1. Limited time only! Sign up for a free 30min personal tutor trial with Chegg Tutors
    Dismiss Notice
Dismiss Notice
Join Physics Forums Today!
The friendliest, high quality science and math community on the planet! Everyone who loves science is here!

Homework Help: Laminar to turbulent flow transition?

  1. Jul 25, 2013 #1
    1. The problem statement, all variables and given/known data
    Consider the flow of air over an aerofoil.
    The critical Reynolds number marking the transition from laminar to turbulent flow is 6 x 10^5, the dynamic viscosity is 2.0 x 10^-5 Ns/m^2, the density of air is 1.100 kg/m^3 and the aircraft velocity is 180 m/s.
    What is the length of the region of laminar flow?

    2. Relevant equations
    Ellaminar = 0.06 Re


    Re = Reynolds Number

    3. The attempt at a solution
    Re = Ro x u x X / μ
    X = 0.06 m = 6 cm
  2. jcsd
  3. Jul 25, 2013 #2
    The formula you gave for laminar-turbulent transition is for flow in a pipe. For flow over an airfoil, the distance parameter in the reynolds number is the distance measured from the leading edge. They already told you in the problem statement that the laminar-turbulent transition occurs at Re = 6E5. So, solve for the distance x.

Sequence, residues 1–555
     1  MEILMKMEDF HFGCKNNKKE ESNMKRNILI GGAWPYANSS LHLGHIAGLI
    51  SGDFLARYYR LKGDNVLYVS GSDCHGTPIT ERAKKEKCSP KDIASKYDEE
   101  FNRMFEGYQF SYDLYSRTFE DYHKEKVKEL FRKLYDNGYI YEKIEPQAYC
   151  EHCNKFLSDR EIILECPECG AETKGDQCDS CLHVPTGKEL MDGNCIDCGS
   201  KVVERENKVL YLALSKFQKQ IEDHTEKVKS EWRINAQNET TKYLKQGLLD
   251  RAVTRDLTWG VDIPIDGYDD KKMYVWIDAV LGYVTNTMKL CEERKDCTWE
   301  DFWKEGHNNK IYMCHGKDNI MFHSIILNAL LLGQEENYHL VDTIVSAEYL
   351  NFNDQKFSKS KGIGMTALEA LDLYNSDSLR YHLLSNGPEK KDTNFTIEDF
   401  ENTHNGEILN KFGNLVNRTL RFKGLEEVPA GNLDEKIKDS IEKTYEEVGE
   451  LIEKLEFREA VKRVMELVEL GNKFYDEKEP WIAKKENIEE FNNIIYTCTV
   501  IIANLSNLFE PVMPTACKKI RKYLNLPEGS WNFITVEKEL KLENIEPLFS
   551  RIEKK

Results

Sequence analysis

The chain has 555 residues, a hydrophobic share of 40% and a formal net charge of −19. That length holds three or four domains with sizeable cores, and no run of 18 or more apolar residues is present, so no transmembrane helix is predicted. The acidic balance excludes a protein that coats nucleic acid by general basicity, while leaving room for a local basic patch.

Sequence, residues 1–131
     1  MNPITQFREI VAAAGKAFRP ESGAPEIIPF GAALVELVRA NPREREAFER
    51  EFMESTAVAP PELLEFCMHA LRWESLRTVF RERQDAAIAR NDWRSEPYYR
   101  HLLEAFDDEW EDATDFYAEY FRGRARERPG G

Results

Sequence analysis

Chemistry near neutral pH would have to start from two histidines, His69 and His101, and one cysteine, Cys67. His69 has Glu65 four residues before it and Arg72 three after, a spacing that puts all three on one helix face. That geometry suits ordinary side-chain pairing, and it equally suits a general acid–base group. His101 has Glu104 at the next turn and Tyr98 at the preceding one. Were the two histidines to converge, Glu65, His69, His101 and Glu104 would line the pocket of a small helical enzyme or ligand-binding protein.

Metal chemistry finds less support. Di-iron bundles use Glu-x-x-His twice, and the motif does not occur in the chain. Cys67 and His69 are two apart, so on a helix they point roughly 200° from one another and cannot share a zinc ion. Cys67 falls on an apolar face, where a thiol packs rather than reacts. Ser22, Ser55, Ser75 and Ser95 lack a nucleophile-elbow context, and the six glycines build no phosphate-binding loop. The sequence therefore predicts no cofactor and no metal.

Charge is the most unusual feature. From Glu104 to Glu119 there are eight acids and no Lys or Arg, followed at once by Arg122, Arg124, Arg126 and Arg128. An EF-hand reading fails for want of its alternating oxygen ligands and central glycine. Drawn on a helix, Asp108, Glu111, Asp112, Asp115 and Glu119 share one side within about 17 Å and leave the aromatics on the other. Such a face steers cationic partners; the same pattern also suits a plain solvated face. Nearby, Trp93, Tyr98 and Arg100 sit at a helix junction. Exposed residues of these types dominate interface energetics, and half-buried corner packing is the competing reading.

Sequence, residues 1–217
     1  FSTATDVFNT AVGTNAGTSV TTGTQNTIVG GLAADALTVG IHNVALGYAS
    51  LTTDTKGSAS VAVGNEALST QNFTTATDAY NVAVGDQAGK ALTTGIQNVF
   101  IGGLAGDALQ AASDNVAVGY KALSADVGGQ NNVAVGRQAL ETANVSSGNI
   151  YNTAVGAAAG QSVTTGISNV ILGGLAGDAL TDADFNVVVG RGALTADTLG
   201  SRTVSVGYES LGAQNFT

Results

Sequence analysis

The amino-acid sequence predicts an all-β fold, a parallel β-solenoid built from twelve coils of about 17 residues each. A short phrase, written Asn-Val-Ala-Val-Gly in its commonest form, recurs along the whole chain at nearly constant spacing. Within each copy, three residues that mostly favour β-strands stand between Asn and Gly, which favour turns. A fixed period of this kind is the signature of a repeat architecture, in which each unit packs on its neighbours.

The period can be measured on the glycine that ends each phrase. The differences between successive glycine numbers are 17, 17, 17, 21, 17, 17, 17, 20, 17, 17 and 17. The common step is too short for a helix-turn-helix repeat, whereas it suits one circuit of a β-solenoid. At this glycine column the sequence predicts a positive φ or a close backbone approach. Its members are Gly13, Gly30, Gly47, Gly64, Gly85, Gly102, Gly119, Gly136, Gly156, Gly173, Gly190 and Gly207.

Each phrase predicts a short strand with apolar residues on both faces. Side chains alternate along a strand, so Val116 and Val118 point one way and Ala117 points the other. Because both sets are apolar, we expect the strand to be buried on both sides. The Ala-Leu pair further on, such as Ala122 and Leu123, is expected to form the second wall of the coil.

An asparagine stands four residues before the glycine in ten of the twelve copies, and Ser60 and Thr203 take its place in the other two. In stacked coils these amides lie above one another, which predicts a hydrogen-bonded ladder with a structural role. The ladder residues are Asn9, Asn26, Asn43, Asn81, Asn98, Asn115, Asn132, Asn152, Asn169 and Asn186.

4. Jul 26, 2013 #3
    Ah, that's completely baffled me now.

    Would you happen to know the formula applicable to aerofoils?
  5. Jul 26, 2013 #4
    They already gave it to you. ReX=5E5
  6. Jul 26, 2013 #5
    So what, Reynolds number*length = 6*10^5?

    How does that make any sense?
    Where does density, dynamic viscosity and velocity come into the equation?

    I used an online Reynolds number calculator and used the inputs of the initial question in the formula: p*u*L / µ
    For (L) I changed the input until the Reynolds number equaled 600,000
    (p = 1.1), (v = 180), (L = 0.060606) and (µ = 2*10^-5).

    So for the Reynolds number to be 6*10^5, the length of the region of laminar flow must be 0.60606?

    Is that correct?
  7. Jul 26, 2013 #6
    Yes. Now you have the right idea. Of course, you didn't have to do it by trial and error. You could have solved algebraically for L. I haven't checked your units, but, if they are correct, please express L with units.
    That is all there really is to this problem. Your teacher wanted to see if you knew how to calculate the transition length L from knowledge of the velocity and the physical properties.
Share this great discussion with others via Reddit, Google+, Twitter, or Facebook

Have something to add?
Draft saved Draft deleted